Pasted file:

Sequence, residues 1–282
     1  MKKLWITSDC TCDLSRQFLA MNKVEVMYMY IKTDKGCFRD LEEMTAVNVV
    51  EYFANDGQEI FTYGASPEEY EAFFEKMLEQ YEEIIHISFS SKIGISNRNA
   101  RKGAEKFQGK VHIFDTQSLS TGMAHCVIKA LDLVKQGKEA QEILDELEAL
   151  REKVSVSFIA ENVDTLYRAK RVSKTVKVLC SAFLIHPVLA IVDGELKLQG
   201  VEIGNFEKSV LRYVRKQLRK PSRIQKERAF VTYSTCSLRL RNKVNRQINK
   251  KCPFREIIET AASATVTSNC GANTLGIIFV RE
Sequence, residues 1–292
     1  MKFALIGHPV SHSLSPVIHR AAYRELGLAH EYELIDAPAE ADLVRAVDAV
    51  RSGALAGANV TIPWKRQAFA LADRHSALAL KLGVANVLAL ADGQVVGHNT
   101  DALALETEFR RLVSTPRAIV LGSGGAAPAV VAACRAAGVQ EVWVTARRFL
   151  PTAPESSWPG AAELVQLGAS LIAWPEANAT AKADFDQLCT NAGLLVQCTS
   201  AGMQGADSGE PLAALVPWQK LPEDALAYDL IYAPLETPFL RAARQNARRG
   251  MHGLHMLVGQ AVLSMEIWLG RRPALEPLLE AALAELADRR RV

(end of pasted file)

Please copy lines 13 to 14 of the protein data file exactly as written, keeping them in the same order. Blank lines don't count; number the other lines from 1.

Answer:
   201  AGMQGADSGE PLAALVPWQK LPEDALAYDL IYAPLETPFL RAARQNARRG
   251  MHGLHMLVGQ AVLSMEIWLG RRPALEPLLE AALAELADRR RV